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scampaign trail Leo admits campaign used students as fake pollsters in his 2011 bid for re-election to the Dáil


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Leo Varadkar canvassing in 2011

Leo Varadkar canvassing in 2011

Bertie Ahern

Bertie Ahern

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Leo Varadkar canvassing in 2011

TÁNAISTE Leo Varadkar's campaign used students posing as representatives of a fictitious polling company with fake business cards as part of his Dáil re-election bid.

The Tánaiste is the latest politician to become embroiled in the fake polling controversy that has engulfed Sinn Féin, Fine Gael, Fianna Fáil and the Greens.

It comes as former taoiseach Bertie Ahern contradicted his successor Micheál Martin, who had said prior to 2007 Fianna Fáil members undertook polling while pretending to be market researchers. "To be honest I don't think that's correct," Mr Ahern said.

In the run-up to the 2011 general election Mr Varadkar's campaign used volunteers and students drawn from Young Fine Gael branches in universities to carry out polling in his Dublin West constituency, where he was seeking re-­election to the Dáil.

These 'pollsters' were given fake business cards with the name 'Political Research Association of Ireland' (PRAI) - an organisation that does not exist - written on them to show at the doors if asked to identify where they were from, according to a person who took part in the polling operation and who asked not to be named.

Those carrying out the surveys did not identify themselves as polling on behalf of Fine Gael. The person who took part in the polling in Dublin West in the run-up to the 2011 election said they were told they would be paid €50 for their work - but claimed they were never paid.

Mr Varadkar, a TD since 2007, was re-elected to the Dáil in February 2011 and went on to serve in Cabinet for six years before becoming Fine Gael leader and Taoiseach in 2017.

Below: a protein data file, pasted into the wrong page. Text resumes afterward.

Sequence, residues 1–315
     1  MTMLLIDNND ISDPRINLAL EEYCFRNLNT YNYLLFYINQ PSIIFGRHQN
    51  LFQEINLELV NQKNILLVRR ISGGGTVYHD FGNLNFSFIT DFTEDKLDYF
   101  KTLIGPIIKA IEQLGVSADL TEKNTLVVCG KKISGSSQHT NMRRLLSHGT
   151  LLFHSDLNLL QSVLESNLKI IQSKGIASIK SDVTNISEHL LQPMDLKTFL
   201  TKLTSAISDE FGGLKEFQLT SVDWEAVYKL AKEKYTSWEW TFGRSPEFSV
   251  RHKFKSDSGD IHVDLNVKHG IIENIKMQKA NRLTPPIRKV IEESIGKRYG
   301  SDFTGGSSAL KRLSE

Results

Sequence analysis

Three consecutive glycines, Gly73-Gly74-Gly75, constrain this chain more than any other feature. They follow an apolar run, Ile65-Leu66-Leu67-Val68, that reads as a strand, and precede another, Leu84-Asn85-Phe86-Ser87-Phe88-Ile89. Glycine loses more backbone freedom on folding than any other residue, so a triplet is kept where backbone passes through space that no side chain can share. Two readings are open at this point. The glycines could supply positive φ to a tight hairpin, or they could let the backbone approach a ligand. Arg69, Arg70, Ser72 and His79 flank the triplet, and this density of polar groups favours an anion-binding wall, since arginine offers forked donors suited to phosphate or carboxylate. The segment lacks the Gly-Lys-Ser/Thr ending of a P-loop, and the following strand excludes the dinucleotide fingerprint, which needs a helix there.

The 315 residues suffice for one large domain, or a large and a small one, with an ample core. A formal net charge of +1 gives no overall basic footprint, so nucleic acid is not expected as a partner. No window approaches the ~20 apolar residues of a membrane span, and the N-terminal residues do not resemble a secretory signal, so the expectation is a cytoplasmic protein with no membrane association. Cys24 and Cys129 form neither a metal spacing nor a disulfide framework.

Mr Varadkar's spokesman said last night: "Since 2016, all polling carried out by the Fine Gael party has been done through market research companies and private contractors.

"Prior to that, constituencies including Dublin West asked volunteers or paid students to carry out surveys. However, this practice was discontinued as it was considered no longer to be appropriate.

"People asked to take part in the survey were told that the purpose was a political opinion poll and consent was sought to take part. The surveys or sample ballot papers were anonymised. No names or personal data was recorded or retained."

The latest revelations follow the Irish Independent's report on Wednesday that Sinn Féin trained activists to set up fake polling companies.

Fine Gael, Fianna Fáil and the Greens all subsequently admitted conducting fake polling, where party members did not identify themselves to voters.

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Fianna Fáil and the Greens had initially denied being involved in the practice. Sinn Féin housing spokesperson Eoin Ó Broin admitted to surveying his constituents using a fake polling company before his election to the Dáil in 2016.

Fine Gael's Dublin Bay South by-election candidate James Geoghegan also admitted yesterday to carrying out polling for former TD Lucinda Creighton in the run-up to the 2016 general election, when he was a member of Renua, without identifying that he was polling for the party.

Foreign Affairs Minister Simon Coveney also confirmed Fine Gael members in his constituency engaged in the same practice.

He described such polling as a "fairly common practice" and insisting there "wasn't anything sinister" about it. Asked if he was sorry it had happened, Mr Coveney said: "Yeah, I think so."

A Fine Gael spokesperson said: "Occasionally, members, who were paid or volunteered, carried out polling in constituencies. On occasion, they did not correctly identify where they were from and when asked, some would have replied by reference to a non-existent polling company and had business cards in support of that. This should not have happened."

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Bertie Ahern

Bertie Ahern

Bertie Ahern

Meanwhile, Mr Ahern told RTÉ's Drivetime last night that Fianna Fáil officials were wrong to say that prior to 2007 party members undertook polling while pretending to be market researchers.

"I remember clearly polling done and organised by our staff in headquarters.

"But it was never done on the basis of fake marketing companies. It was done by Fianna Fáil activists on a Saturday morning, but not doing it in the name of a marketing company," he said.

Earlier Taoiseach Micheál Martin had said his party "made an error" in initially claiming they did not carry out fake polls.

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